Trump and Martin Luther King, Jr.'s Son Meet on MLK Day; Discuss Voting Rights and Other Issues

President-elect Donald Trump met with Martin Luther King III on Monday as the nation celebrated the greatest pioneer of American civil rights.

Donald Trump shakes hands with Martin Luther King III after their meeting on MLK Day in Trump Tower, New York on January 16, 2016.
Donald Trump shakes hands with Martin Luther King III after their meeting on MLK Day in Trump Tower, New York on January 16, 2016. | Reuters/Alex Wroblewski

On Martin Luther King Day, Donald Trump held a private meeting with MLK's eldest son and his colleagues at the Trump Tower in New York City.

The meeting, conducted in lieu of Trump's planned visit to the Smithsonian Museum of African-American History and Culture in Washington on MLK Day, was held primarily to discuss voting rights issues. 

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Describing it as a "constructive" meeting, Mr. King said that Donald Trump intends to protect interests of all Americans. "He said that he is going to represent Americans — he's said that over and over again," Mr. King, the president of the Drum Major Institute, a progressive public policy think tank in New York, told reporters. "We will continue to evaluate that."

Mr. King has campaigned for years to establish a free government photo identification card that would make it easier for Americans who do not have driver's licenses or other official ID to cast ballots. Mr. King and his colleagues from the Drum Major Institute petitioned Trump to endorse this idea in their meeting on Monday. Many civil rights leaders believe the distribution of a free government ID to be vital for Americans with low incomes who cannot open bank accounts or vote without them.

"It is very clear that the system is not working at its maximum," Mr. King told reporters. "We believe we provided a solution."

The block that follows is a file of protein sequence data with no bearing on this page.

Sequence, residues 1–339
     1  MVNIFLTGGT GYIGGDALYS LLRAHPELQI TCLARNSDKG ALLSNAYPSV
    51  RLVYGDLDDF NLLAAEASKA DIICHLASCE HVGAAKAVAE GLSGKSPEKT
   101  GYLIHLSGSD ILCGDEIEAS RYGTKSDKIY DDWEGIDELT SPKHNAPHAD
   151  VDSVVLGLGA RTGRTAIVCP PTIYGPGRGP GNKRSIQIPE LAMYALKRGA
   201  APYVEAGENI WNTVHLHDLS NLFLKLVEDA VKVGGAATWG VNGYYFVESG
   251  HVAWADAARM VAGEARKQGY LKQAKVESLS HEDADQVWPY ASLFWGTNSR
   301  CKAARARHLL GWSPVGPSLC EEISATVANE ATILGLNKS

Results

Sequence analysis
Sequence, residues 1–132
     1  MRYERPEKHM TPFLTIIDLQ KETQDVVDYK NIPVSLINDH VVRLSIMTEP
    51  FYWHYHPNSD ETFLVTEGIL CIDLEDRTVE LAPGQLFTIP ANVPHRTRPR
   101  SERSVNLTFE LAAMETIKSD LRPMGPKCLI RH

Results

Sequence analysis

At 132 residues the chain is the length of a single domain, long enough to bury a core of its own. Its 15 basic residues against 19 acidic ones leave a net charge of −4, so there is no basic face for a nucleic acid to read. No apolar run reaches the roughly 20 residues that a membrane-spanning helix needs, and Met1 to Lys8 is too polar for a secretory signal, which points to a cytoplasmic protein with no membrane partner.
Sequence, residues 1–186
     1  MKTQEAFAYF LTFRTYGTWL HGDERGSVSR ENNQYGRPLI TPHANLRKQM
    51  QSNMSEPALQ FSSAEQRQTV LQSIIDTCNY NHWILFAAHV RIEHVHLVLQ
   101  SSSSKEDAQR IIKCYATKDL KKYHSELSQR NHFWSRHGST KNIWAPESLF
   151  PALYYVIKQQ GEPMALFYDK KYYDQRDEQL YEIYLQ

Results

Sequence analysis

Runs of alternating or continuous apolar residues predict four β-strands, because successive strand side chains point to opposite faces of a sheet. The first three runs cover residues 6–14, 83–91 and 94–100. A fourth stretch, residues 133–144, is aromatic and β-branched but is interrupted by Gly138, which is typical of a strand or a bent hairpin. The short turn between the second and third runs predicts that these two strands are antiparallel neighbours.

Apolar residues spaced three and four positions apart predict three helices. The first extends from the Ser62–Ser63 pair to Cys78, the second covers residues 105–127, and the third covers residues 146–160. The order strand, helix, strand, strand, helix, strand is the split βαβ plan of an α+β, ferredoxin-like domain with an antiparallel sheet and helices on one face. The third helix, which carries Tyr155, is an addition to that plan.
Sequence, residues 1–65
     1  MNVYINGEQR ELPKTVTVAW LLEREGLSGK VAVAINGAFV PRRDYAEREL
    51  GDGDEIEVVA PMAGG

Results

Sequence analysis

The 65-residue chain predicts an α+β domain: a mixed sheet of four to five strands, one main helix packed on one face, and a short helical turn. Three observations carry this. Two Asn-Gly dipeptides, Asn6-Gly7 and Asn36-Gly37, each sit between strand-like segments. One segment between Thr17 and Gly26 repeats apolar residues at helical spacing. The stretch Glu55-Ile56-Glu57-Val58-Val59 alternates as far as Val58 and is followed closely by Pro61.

The meeting also allowed Trump to work on repairing his relations with African Americans across the country. Trump, who has always been viewed in a negative light by the black community, tarnished his image further by publically sparring with U.S. Representative John Lewis, Democrat from Georgia.

Lewis, who had marched alongside Martin Luther King, Jr. at Selma and other key civil rights demonstrations, had said that he would not be attending Trump's inauguration ceremony as he doesn't view him as a legitimate president. Trump retaliated to these remarks on Twitter, saying that "Congressman John Lewis should spend more time on fixing and helping his district, which is in horrible shape and falling apart (not to mention crime infested) rather than falsely complaining about the election results. All talk, talk, talk - no action or results. Sad!"

His remarks against Mr. Lewis have enraged the black community at large along with several prominent civil rights activists and leaders across the country. There are widespread concerns of Trump's prejudiced view towards black Americans and how they will be treated by authorities under his administration.

"If you can disrespect John Lewis on Martin Luther King Day, then what are you saying about the rest of us?" Mr. Sharpton told the New York Times. "He seems to have a one-dimensional, very negative view of what black America looks like, and that is frightening to many black Americans."

While he readily posed alongside Mr. King for media photographers in the Trump Tower lobby, the President-elect refused to answer questions about his feud with Mr. Lewis. Mr. King attempted to diffuse tensions saying "Well, first of all I think that in the heat of emotion a lot of things get said on both sides. And I think that at some point -- I am, as John Lewis and many others, a bridge builder."

"The goal is to bring America together and Americans. We are a great nation but we must become a greater nation. And what my father represented, my mother represented through her life, what I hope that I am trying to do is always bring people together," Mr. King concluded.

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